Sunday, July 27, 2014

What is your MBA?

I have had a handful of conversations recently where the term "MBA" was used figuratively rather than in the traditional academic sense.  I thought that this would be a good topic to discuss.  

My question is: who has the better MBA, the hard knocks trial and error ass kicking entrepreneur or the (conventional and/or unconventional) student/professional going the academic route right out of college?

Out of coincidence, I just spoke with an MBA candidate last night.   He hasn't quite yet gotten through his undergrad economics degree and has another major along side it too, Philosophy.  He noted that the double major is important to rounding things off.  I do get this.  But he was already getting in the mindset of an MBA, the summer after his junior year.  He is under the impression that, without an MBA, the remarkable achievement of applying for, being accepted, attending and paying for 4 years of undergrad college might be flat; not good enough. Flat in the sense of his own marketability.  Flat in the sense of his own distinction towards his classmates and other employment candidates upon graduation.  I can't really argue this, but there is another way of looking at it.    

When I asked him what he wanted to do after all of this school he said: "I don't know, but first I gotta get my MBA and then I will figure out what I want to do". Case in point.

Since when did this become the standard?  And why such a gap between academic success and figuring out what students want to do--especially in business?  Is it practical to sink funds into what "could be" versus that which is necessary for the target of tangible result?  At what point does practicality weigh in for our graduating seniors.  Let's consider the ROI folks.

There indeed continues to be a lack of practicality driving conformity into our educational system.  Is there not so much more to learn from starting and/or participating in the start-up of a business rather than investing in a degree on the come.  Is there nothing of value in the trial and error, success and fail journey of being an entrepreneur?  I would argue that everything represented and covered in most MBA programs might equal or run about the same cost.  While this might sound a bit lofty, I am living proof of education for the sake of education and the incremental use of funds for the purpose of generating other funds.

And since I mentor a handful of graduating seniors who all want to discuss what they should do next, I typically always get answers like:  "I don't know, I may get my masters, after I pay my debt down".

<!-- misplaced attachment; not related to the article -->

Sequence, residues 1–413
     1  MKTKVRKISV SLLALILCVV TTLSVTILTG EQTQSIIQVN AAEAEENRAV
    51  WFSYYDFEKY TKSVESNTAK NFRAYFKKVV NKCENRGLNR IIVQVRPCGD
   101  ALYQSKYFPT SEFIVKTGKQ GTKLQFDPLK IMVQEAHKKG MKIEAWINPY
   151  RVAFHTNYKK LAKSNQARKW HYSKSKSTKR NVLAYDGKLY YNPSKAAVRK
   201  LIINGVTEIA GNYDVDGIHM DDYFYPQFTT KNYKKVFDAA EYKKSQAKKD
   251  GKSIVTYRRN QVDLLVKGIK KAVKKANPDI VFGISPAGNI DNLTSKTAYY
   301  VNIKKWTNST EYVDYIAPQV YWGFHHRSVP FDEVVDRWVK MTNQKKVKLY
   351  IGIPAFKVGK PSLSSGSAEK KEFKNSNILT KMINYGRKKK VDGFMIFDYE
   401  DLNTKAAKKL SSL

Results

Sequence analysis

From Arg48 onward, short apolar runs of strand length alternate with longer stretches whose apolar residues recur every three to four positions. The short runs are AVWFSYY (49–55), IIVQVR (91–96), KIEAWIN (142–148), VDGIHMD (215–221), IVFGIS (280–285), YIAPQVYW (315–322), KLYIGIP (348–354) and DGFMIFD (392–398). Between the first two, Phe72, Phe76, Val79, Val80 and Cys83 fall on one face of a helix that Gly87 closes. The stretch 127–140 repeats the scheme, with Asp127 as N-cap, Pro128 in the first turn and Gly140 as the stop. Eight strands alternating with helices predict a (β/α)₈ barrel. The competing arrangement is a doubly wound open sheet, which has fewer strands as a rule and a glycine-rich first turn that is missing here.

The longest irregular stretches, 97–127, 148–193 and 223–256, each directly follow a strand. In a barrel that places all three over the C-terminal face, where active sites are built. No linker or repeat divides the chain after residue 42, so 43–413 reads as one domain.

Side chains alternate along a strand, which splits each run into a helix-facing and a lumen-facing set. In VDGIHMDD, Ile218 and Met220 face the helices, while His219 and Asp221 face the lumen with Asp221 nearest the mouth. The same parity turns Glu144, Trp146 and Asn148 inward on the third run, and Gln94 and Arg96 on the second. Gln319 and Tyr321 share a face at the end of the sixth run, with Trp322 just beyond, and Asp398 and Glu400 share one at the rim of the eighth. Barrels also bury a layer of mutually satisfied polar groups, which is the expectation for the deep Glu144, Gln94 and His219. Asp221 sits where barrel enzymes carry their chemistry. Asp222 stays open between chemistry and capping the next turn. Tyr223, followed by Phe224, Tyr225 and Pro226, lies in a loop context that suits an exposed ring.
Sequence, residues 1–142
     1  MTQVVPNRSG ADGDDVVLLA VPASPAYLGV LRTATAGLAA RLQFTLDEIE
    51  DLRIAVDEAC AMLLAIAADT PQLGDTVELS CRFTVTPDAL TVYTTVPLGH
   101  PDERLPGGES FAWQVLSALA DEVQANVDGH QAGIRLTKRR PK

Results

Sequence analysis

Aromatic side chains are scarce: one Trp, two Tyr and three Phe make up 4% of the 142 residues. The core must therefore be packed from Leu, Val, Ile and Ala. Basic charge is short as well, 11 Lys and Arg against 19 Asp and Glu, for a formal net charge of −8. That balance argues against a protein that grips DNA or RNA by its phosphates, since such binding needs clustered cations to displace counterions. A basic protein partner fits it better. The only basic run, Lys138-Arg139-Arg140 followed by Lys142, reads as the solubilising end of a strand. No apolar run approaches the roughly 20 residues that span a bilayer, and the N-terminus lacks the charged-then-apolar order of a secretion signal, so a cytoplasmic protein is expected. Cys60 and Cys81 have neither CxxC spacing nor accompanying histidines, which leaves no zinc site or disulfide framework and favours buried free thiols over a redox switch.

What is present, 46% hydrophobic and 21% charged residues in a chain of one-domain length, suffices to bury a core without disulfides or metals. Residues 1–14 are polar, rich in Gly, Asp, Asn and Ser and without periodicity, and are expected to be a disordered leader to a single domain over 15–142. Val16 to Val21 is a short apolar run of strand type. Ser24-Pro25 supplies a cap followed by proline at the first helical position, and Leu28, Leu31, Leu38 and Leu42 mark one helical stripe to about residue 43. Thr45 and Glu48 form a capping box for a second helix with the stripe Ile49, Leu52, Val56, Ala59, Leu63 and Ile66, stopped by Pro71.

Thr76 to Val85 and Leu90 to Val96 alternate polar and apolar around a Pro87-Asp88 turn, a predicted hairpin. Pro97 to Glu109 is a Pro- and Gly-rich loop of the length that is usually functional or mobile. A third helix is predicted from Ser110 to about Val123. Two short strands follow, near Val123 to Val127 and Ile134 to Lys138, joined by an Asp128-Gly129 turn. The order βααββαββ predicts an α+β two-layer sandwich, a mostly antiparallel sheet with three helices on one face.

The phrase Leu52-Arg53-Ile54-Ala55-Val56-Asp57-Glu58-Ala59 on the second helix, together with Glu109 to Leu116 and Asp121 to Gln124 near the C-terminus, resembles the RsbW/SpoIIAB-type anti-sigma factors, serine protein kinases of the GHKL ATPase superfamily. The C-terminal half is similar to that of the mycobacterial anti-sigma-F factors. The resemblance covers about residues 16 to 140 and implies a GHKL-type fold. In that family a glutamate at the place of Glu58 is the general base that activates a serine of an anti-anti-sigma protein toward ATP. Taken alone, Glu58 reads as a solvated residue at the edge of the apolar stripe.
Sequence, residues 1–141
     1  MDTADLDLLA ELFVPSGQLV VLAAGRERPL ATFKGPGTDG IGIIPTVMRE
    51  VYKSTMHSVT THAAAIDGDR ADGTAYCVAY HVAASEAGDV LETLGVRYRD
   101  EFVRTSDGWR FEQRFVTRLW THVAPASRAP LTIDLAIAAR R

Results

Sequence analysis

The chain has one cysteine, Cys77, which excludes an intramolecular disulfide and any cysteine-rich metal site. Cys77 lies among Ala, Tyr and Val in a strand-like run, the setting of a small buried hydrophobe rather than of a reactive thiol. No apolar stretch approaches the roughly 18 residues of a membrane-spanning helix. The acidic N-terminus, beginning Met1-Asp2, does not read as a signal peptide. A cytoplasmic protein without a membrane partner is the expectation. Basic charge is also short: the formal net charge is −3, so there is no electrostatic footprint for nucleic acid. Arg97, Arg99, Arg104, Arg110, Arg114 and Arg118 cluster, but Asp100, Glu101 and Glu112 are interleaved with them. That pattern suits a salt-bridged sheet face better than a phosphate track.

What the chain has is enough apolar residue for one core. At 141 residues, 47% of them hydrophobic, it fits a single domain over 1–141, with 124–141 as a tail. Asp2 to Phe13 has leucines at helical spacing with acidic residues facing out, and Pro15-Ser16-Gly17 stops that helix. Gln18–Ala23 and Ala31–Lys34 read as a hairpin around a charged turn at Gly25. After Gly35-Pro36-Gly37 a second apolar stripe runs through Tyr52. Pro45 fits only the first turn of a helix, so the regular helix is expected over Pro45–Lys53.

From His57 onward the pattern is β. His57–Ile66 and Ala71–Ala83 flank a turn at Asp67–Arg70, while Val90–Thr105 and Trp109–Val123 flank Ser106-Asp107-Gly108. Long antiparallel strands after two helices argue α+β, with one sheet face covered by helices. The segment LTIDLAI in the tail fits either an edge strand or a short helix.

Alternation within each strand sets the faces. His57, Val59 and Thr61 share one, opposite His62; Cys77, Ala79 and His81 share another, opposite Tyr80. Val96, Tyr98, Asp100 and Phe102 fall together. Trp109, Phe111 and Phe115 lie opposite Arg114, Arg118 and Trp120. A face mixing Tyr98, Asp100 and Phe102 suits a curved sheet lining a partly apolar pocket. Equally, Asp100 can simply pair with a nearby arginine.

The average debt of a graduating senior at the end of 2013 was $29,000.00, this according to the Institute for College Access and Success (TICAS).  Seven out of 10 seniors graduated with student loan debt, and over a 5th of it owed to private lenders who charge higher interest rates. 

That said, the odds of getting a job are still in favor of the college graduate, CNN reported in 2012 that high school grads can expect unemployment rates of 17,9% compared to that of college grads at 7.7%.  I think these are awful figures and wouldn't attempt to spin it like CNN. While tuition rate increases seem to have tapered off, possibly due to future declining enrollments, if there is no return on this investment, nor any real and apparent tangible return in sight, is the debt worth it?  This is elementary.

I got my MBA by electing to go into business; by making mistakes and then work-shopping the results with others like me; business people with experiences similar to mine who have made similar mistakes like mine.  I got my MBA by going through a recession, by over investing in a housing market, by failing to provide my customers with increases while they were passing increases on to their customers, by going through an acquisition.  I got an MBA by experiencing the banking industry turn from a lending community to a checkbook facilitating community.  My MBA was written in the form of an Ode to the IRS (and that is a whole other story).

I am proud of my MBA.

Students, I am not knocking higher education, but consider your options.  Use some creativity, pay some dues instead of debt, and seek to emulate your heroes.  But don't fall victim to the debt by conformity.  Either way, get your MBA.  Which one is right for you?--ifyouknowwhatimtalkinbout.--rp


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